Miri”s long red hair, usually neatly braided, was stuffed into an ugly green headscarf. Her face was splotchy and purpled; her grey eyes seemed colorless amid the bruises.
“No more. Not even once more. I’ll not come get you again, girl. They could have shot you, those police. You’ve got a history of violence here and they know you’re a trained merc. They could have gassed the building. They could have brought in Thark-hounds and I’d have been having to bury pieces. I’ve lost too many Miri. I can’t live the rest of my life rescuing you and I can’t wake up each day wondering if I have to spend it watching you be sick again from whatever you’ve been on for the last however many months. You have to get on with things, like all of us do. Got it?”
“Liz, you ain’t leaving me here like this?” The qirl gestured around her,hands taking in the bed in the cell-like room.
“I can if I have to. Listen to me. hear? I’ll drop you from the unit if I need to, but I don’t want to. If you tell me you want to get over this, fine. I’ll do whatever is in my power to do it. If you want to go on as you are I’ll tell the man out there you’ve resigned from Lizardi’s Lunatics and you can fight it through by yourself. Got it?”
“Liz, you’re always here. You got me away for Surebleak and …”
” It doesn’t look like I have, Miri. I’m going to walk around the grounds once. When I come back in you’ll tell me yes or no. I’ll pull with you – all of us we got left will pull – with you! – if you want to get things right. Otherwise they’ll deport you back to Surebleak on your bill.”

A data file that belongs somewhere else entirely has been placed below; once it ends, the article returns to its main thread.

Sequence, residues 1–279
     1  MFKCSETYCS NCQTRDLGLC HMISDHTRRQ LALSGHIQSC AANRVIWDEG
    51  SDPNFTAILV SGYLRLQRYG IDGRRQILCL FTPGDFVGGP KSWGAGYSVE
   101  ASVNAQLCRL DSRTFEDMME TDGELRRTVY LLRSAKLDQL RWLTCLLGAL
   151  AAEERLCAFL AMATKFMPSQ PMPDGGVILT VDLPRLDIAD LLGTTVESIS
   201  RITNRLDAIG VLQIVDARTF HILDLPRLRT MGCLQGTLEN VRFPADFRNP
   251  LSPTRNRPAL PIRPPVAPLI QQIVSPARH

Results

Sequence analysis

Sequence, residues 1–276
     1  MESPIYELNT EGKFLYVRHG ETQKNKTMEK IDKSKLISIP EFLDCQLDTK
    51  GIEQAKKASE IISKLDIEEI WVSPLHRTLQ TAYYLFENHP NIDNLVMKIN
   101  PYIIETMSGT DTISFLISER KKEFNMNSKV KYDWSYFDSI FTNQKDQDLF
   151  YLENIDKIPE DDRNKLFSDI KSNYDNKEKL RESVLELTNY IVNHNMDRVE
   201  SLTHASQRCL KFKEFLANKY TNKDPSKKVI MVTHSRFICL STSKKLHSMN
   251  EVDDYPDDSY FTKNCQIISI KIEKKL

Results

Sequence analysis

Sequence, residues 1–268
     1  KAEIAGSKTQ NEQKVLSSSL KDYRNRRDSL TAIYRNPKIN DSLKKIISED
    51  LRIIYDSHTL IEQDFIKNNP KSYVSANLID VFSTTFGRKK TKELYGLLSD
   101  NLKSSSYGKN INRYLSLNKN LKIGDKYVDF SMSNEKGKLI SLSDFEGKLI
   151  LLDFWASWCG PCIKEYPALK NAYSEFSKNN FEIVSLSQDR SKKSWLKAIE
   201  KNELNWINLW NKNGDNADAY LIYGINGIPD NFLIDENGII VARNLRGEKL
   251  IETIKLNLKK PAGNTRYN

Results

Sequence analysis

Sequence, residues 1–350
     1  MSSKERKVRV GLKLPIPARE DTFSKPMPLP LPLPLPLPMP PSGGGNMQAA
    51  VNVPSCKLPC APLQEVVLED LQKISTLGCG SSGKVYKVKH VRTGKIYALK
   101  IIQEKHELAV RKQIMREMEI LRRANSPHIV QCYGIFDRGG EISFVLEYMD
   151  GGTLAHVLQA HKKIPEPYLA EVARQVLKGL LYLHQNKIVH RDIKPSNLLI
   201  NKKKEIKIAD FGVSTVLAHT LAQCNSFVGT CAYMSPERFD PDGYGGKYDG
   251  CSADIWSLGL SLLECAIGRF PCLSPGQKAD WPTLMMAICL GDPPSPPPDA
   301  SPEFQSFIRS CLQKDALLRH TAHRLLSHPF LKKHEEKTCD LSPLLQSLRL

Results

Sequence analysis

The Commander gathered herself together, nodded to Miri, and nodded to the guards at the door on her way out.
My name is Sergeant Miri Robertson of Lizardi’s Lunatics. I’ve been a Lunatic for almost seven Standards, and that feels like most of my life. I’m 19 Standards old and I was born on Surebleak, which doesn’t count for much.I have a hard time right now concentrating.
The light isn’t so good and the keyboard they have in here is built into the desk so I can’t hurt myself. That means I can’t adjust it so good though, because this place is built for Terrans and I’m smaller than most Terrans. Back on Surebleak they say I’m mutated within acceptable limits. That don’t count much on Surebleak because they don’t much care. I think the only reason they do the test is because the have to for the trade rules or something.
I’ve been here two days so far. Liz got me moved out of that jail hospital by promising to have me treated. The only thing wrong with me is Klamath, I bet. I’ve been a bit wild since then, but there’s a lot that needs forgetting. Haven’t had anything much to eat or drink except a lot of greens and brown bread and water.
It’s OK, I guess. Not much to do, though. It reminds me of being on ship waiting for drop onto someplace except I don’t have all much to study or read. Guess I miss the Lunatics …wish I had some kynak or something. There’s not many Lunatics left. I don’t really know how long I’ve been here–they took my watch. The screen prompt has a number that changes and think it’s hours and days. I don’t know what day it is, though because I lost track a bit there before Liz brought me over. Damn.